For example, a blog post with this headline - “5 Reasons Why Sugar is Making You Age Prematurely” - will be much more engaging than one entitled, “5 Reasons Why You Need to Buy This Organic Sugar-Free Locally-Produced Lemonade”. Even though both revolve around similar benefits, the first puts the benefit at the centre of the blog, not the product. The second title comes across as being very pushy and overbearing.

If you’re still struggling to tell the difference between the two types of blogs, think of it this way: your product or service should almost be treated as an afterthought. Scary I know, but you've got to play the long game. If your product really is the best solution to the problem your reader has, they will be able to come to that conclusion themselves.

 

5. Offer Lots of Solutions

Solutions

In order to become regarded as an expert in your field, you need to come across as being more far-reaching than simply the four walls of your own business. That means that a blog about how sugar could make you age prematurely shouldn’t only focus on your organic sugar-free locally-produced lemonade as a solution, it should offer up other solutions too. These solutions shouldn’t directly compete with your lemonade but they should provide your readers with genuinely useful content that they can apply to their daily lives.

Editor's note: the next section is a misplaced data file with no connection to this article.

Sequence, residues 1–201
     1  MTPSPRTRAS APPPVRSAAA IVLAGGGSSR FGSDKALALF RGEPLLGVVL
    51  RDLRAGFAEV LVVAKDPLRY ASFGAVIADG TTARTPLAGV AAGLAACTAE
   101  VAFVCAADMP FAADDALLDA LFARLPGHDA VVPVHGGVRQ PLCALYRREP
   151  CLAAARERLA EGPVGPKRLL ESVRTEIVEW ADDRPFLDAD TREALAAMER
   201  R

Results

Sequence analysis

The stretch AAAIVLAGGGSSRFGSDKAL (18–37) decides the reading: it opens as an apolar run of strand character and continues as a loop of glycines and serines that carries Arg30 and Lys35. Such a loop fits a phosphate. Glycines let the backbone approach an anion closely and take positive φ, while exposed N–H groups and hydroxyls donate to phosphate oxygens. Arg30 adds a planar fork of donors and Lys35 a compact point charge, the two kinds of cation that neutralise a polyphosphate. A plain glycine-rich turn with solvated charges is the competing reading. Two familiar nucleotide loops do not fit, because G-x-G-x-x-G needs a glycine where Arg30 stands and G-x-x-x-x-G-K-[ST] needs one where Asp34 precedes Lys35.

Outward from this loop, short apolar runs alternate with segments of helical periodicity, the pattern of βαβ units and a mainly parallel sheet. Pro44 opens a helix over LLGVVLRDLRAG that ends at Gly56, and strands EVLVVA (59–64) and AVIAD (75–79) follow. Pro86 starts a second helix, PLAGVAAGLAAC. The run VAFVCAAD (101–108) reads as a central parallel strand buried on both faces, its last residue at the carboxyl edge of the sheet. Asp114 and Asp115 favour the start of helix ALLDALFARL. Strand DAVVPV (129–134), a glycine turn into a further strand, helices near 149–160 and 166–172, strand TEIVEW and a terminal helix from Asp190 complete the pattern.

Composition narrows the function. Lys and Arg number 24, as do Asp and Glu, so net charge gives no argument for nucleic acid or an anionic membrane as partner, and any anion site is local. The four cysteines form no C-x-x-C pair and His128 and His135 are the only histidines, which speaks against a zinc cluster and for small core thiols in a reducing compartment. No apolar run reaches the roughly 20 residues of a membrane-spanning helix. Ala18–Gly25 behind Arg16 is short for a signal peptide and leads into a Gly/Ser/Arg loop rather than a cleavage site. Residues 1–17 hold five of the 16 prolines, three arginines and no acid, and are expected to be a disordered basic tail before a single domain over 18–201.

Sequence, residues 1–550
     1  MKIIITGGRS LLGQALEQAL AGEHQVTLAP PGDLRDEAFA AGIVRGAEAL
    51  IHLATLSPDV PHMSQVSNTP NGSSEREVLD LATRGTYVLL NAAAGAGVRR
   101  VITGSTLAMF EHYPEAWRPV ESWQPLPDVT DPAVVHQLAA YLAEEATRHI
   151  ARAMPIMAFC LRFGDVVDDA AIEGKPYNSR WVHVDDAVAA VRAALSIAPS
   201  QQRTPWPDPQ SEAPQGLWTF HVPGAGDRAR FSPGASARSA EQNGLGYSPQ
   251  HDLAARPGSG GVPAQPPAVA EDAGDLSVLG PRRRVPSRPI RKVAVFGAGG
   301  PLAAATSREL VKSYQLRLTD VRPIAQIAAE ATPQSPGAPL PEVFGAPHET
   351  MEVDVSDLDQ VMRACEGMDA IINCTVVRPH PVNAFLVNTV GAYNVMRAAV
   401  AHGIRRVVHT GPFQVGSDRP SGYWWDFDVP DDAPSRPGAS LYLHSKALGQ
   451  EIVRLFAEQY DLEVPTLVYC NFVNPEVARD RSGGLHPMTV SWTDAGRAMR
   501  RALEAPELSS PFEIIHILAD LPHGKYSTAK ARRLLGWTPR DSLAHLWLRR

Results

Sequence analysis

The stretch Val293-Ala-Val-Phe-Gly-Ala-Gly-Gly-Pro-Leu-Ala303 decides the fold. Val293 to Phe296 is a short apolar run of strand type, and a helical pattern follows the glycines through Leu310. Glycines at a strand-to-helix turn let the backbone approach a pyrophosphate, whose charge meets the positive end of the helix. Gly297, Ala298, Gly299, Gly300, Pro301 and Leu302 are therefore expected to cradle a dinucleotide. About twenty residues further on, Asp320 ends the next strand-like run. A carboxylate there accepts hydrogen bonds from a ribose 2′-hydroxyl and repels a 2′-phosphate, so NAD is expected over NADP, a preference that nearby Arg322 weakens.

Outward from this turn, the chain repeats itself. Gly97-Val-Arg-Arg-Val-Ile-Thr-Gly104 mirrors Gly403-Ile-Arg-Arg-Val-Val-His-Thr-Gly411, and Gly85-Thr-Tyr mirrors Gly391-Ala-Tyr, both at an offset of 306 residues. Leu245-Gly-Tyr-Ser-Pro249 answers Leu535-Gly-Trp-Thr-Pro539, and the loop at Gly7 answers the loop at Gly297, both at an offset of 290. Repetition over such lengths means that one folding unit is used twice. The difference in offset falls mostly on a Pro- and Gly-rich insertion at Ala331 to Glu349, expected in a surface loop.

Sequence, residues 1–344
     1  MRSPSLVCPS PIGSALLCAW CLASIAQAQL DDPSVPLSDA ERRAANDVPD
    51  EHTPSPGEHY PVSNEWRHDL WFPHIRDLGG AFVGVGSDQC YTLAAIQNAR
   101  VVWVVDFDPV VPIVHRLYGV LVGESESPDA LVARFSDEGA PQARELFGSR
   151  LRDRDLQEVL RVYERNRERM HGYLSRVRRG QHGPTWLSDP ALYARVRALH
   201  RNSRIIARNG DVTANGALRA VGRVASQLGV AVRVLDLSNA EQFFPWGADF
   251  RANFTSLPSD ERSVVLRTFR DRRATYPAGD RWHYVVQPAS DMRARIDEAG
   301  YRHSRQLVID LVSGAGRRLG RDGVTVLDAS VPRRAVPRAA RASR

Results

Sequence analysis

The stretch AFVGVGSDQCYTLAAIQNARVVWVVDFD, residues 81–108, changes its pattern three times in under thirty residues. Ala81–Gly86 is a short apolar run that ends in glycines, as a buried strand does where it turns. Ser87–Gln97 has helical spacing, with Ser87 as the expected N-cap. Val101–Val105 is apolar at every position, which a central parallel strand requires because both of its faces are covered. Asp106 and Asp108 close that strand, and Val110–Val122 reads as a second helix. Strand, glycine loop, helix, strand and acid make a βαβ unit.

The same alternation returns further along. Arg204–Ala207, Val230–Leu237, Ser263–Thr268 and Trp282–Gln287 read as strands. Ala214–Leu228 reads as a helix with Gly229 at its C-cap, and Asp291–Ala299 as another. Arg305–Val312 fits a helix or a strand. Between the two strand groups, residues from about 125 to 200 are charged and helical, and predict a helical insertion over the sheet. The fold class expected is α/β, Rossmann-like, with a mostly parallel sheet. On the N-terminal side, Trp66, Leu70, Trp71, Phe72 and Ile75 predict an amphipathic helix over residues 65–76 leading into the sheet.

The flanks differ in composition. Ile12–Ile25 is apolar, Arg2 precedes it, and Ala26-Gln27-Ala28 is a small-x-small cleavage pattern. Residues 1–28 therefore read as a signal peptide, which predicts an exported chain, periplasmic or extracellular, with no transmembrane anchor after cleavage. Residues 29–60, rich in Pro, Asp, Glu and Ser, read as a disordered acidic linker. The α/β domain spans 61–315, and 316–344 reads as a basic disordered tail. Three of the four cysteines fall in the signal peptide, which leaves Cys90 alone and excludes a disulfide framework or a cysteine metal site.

For example, you could outline a range of dietary solutions like swapping lollies for frozen berries or increasing the amount of protein you eat so you feel fuller for longer. You could include links to recipes for sugar-free treats that will satisfy that 3pm snack craving. You could say that not all sugar is bad, and perhaps more exercise will give you permission to treat yourself every now again.

Become a Pro at Content Creation

Writing a blog that ticks the entertaining, engaging, promoting and converting boxes is a skill - a skill that any business can master. For more tips and tricks about creating successful content for your business, check out my blog,  5 Ways to Write Killer Content in Way Less Time (Yes, It Can Be Done).  Not sure what your blogs are missing? Want a more in-depth discussion? book a time with the Hype and Dexter team.

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Got some of your own tips and tricks about creating successful content? Share them with us below in the comments section.